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Breast Milk Jaundice – Causes, Symptoms and Treatment

Breast milk jaundice is a type of jaundice that occurs in neonates due to breastfeeding. It happens within the first week of life due to the abnormal accumulation of bilirubin. Jaundice is a condition in which the skin and eyes turn yellow. It is common in newborns. Many infants get jaundice within a few days or weeks after birth. Jaundice occurs when the bilirubin content in the blood is higher than usual. Bilirubin is produced during the breakdown of red blood cells. This bilirubin releases into the intestinal tract after passing through the liver. Since the liver in infants is not fully developed, it is difficult for their liver to remove the bilirubin from the blood. Due to the excess amount of bilirubin in the blood, the skin and eyes appear yellow.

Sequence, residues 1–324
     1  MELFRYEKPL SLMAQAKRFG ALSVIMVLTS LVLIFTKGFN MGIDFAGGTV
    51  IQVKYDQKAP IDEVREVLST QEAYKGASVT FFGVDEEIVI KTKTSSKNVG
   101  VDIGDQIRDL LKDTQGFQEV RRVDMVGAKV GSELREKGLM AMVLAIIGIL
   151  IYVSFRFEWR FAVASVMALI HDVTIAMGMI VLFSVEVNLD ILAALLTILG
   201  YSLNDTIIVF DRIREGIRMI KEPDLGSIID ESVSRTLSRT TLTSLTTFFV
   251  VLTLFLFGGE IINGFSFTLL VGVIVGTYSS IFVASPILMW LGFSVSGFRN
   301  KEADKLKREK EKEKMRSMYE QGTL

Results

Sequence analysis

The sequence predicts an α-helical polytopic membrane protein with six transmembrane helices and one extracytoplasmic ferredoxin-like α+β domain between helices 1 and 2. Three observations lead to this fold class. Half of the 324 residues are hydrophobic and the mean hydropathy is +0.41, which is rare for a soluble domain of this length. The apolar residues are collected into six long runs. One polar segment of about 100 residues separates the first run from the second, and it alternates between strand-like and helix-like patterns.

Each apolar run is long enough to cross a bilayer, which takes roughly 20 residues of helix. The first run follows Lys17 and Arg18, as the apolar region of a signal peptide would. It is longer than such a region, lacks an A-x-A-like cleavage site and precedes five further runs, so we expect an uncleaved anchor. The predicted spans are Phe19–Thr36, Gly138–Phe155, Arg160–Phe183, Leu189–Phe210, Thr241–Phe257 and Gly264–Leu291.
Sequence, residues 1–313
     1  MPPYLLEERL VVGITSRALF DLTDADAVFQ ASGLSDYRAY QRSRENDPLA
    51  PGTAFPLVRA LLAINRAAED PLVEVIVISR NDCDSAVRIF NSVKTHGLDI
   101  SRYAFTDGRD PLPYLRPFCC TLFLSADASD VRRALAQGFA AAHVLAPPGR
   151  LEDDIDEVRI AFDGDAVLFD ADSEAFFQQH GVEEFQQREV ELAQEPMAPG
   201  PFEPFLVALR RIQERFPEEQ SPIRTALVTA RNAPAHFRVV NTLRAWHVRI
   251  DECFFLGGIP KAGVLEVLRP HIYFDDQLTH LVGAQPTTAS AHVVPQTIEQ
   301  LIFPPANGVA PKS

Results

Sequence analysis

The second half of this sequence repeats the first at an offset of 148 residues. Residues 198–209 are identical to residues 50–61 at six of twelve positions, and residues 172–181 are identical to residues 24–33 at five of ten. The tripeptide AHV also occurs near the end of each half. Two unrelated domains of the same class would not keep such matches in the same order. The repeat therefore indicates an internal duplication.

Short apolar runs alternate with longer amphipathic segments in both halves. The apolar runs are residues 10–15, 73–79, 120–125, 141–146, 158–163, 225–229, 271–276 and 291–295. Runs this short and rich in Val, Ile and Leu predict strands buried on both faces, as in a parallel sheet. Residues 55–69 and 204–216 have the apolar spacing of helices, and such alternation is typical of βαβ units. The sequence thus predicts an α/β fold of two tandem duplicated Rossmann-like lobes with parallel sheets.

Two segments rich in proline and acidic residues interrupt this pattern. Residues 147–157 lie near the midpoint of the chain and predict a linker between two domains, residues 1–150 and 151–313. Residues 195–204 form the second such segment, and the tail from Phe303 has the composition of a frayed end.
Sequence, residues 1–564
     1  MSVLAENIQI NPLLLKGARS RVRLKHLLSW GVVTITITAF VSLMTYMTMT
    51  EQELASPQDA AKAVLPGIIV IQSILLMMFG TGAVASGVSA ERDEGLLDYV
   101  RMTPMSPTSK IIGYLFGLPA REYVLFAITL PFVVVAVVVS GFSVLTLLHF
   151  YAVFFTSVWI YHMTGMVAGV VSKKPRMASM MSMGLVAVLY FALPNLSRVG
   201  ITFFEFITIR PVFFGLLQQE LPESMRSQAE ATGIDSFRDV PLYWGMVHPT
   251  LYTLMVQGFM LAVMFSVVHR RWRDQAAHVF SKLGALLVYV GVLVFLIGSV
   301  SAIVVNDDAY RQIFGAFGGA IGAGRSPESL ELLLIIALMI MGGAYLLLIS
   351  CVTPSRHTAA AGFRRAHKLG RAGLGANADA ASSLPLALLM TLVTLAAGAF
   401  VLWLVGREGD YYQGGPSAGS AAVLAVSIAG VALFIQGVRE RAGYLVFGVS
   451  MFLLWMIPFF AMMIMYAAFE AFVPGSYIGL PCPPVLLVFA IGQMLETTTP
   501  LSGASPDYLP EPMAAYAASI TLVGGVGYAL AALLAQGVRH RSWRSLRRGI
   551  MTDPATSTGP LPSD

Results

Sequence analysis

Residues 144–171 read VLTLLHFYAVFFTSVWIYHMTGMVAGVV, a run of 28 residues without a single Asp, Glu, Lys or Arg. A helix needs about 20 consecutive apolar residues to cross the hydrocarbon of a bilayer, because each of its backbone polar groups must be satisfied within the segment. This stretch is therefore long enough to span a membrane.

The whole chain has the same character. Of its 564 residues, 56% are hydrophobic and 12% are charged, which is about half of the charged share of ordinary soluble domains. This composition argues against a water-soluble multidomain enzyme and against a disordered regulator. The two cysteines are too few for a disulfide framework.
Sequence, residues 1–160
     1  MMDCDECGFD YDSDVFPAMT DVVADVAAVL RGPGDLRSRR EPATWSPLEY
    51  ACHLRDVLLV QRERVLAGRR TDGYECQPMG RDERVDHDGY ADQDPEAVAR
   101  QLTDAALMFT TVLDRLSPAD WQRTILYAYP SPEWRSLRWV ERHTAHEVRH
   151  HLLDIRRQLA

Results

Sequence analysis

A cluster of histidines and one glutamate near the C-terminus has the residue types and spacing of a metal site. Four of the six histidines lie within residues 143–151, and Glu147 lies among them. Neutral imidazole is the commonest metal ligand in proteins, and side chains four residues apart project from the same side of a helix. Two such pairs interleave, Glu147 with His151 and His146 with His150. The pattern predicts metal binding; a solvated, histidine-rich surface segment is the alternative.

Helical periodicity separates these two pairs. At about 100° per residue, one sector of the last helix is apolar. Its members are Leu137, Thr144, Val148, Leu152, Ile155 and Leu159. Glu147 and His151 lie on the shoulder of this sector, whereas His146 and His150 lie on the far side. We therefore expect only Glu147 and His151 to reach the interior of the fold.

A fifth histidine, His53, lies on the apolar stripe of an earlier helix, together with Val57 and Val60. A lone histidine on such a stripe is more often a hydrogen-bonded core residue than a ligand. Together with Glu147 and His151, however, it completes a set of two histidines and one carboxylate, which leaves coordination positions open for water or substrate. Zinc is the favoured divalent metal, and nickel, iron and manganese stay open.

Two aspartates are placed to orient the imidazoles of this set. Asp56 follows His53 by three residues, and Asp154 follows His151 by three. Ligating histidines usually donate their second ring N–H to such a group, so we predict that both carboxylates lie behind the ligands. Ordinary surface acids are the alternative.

The type of neonatal jaundice associated with breastfeeding is called breast milk jaundice. It does not cause any complications in a healthy, breastfed child but can last up to 12 weeks in a few children.

The cause for breast milk jaundice is not known but linked to a substance in breast milk. It prevents the breakdown of proteins in the infant’s liver. This type of jaundice is rare and does not cause any problems when they occur.  

Breast milk jaundice and breastfeeding jaundice are not related to each other. Breastfeeding jaundice is common in children who do not get enough breast milk. 

Symptoms of breast milk jaundice

Infants generally show symptoms of breast milk jaundice one week after birth. They are:

  • Yellow pigmentation of the skin and eyes
  • Poor weight gain
  • High-pitched crying
  • Fatigue

Causes of breast milk jaundice

Red blood cells are abundant in infants after they are born. When the body begins to destroy the old red blood cells, yellow-pigmented bilirubin is produced. Bilirubin is excreted from the body through urine or faeces. If the chemicals in the breast milk prevent the liver’s protein from breaking down the bilirubin, breast milk jaundice occurs.

Jaundice from breast milk can run in families. It affects around a third of all newborns who receive their mother’s milk and occurs equally in both genders.

Risk factors of breast milk jaundice